concerns about fusing scans though. If you are concerned you could do some
error testing on that comparing landmarks obtained on the scans to
landmarks obtained normally. I found the laser scans to be pretty decent,
but I unfortunately cannot speak to photogrammetry as I've never personally
tried it.

On Mon, Apr 22, 2019 at 3:29 PM Pablo Fisichella 
wrote:

> Dear All
>
> I´m trying to obtain surface scans from human skulls and lithic artifacts
> (projectile points). I wonder how can I get the most complete possible
> scans, I mean usually is not possibly to obtain a complete scan at once. I
> know that several post-scan processing software have functions to fuse
> and/or align the different surfaces obtained and then create one surface
> but perhaps several of you have some tips to obtain the most complete
> possible surface scans.
>
> Any suggestion and advice is more than welcome
>
> All best,
>
> Pablo
>
> --
> MORPHMET may be accessed via its webpage at http://www.morphometrics.org
> ---
> You received this message because you are subscribed to the Google Groups
> "MORPHMET" group.
> To unsubscribe from this group and stop receiving emails from it, send an
> email to morphmet+unsubscr...@morphometrics.org.
>

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Re: [MORPHMET] Help with surface scans

2019-04-25 Thread Pablo Fisichella
Dear All,

Thank you very much for all of your suggestions. I really appreciate your
advice. I´ll chek in detail all of your suggestions and I'll communicate
again if needed.

with kind regards,

Pablo

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El mié., 24 abr. 2019 a las 0:41, Murat Maga () escribió:

> Dear Pablo,
>
>
>
> It has been a while I worked with surface scanners. When I was using a
> Konica/Minolta system (15 years ago), we will do a rotational scan (using a
> turntable), at specified interval (say every 20-30 degrees of rotation).
> Then the software will stitch them together and then we would evaluate the
> missed regions in 3D rendering, then reposition the specimen accordingly
> and capture missing portions as individual snapshots and patch the 3D
> reconstruction. So essentially it was a trial and error process.
>
>
>
> I think the quality of and the speed of the reconstruction software have
> improved tremendously (almost to the point of real-time in some cases), but
> I believe process is essentially the same. Perhaps someone with more recent
> knowledge of this technology can chime in.
>
>
>
> M
>
>
>
> *From:* Pablo Fisichella 
> *Sent:* Monday, April 22, 2019 7:29 AM
> *To:* morphmet@morphometrics.org; morphmet_modera...@morphometrics.org
> *Subject:* [MORPHMET] Help with surface scans
>
>
>
> Dear All
>
> I´m trying to obtain surface scans from human skulls and lithic artifacts
> (projectile points). I wonder how can I get the most complete possible
> scans, I mean usually is not possibly to obtain a complete scan at once. I
> know that several post-scan processing software have functions to fuse
> and/or align the different surfaces obtained and then create one surface
> but perhaps several of you have some tips to obtain the most complete
> possible surface scans.
>
> Any suggestion and advice is more than welcome
>
> All best,
>
> Pablo
>
> --
> MORPHMET may be accessed via its webpage at http://www.morphometrics.org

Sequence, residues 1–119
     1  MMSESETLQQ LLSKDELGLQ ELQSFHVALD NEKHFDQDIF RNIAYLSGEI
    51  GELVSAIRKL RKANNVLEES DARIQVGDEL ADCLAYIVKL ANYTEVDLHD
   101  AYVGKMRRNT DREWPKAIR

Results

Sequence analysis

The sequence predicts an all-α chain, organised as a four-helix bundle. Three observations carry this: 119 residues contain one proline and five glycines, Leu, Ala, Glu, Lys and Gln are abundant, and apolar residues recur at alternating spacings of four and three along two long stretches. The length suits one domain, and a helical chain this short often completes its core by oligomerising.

> ---
> You received this message because you are subscribed to the Google Groups
> "MORPHMET" group.
> To unsubscribe from this group and stop receiving emails from it, send an
> email to morphmet+unsubscr...@morphometrics.org.
>

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Re: [MORPHMET] Help with surface scans

2019-04-24 Thread Abel Bosman
Dear Pablo,

While I am unsure about lithic artifacts (as I don't have much experience
in scanning these), I have personally succesfully used a NextEngine laser
scanner to scan human crania. As you say, while it is not possible to get a
complete scan in one go, it is usually possible to do it in two sittings.
In the first instance, you place the cranium so that it is resting on its
basicranium (more or less Frankfurt Horizontal) and complete a full 360
scan. Then, you fix the cranium in place so that its occipital bone is on
the plateau and frontal bone upwards. Then you perform the second scan.
Later down the line, you can stitch these two together quite easily using
the software that comes with the scanner (ScanStudio), or use something
like Meshlab. For this stitching, you just need to make sure that you have
homologous landmarks that you can use to tell the software which structures
should align.

Ofcourse, if you have a Breuckmann structured light scanner or similar with
a wider field of view, it will be a bit easier to scan the crania, although
you still need to do two sittings, since you are not capturing the area on
which your specimen is resting-
If it is available for you, I would advise looking into a handheld scanner,
like the Artec Spider. The newer models are super fast, easy to use, and
you scan in real time, meaning that you can quite easily turn your specimen
around, continue scanning and stitch everything together with the
accompanying software.

Note that with all of these, it will still be quite difficult to get some
of the more complex areas scanned. For example, the NextEngine sometimes
has trouble in scanning the oribital roofs, as the lasers cannot reach this
area easily. Something like the Artec has less issue with this, as you can
move the scanner around more freely (as opposed to conventional scanners,
where you move the specimen around and not the scanner). Lithic artifacts
might be easier, but their reflective surfaces (think obisidian) might give
you other issues since they can scatter the lasers projected by some of
this hardware.

Hope this helps and if you have any specific questions, please let me know.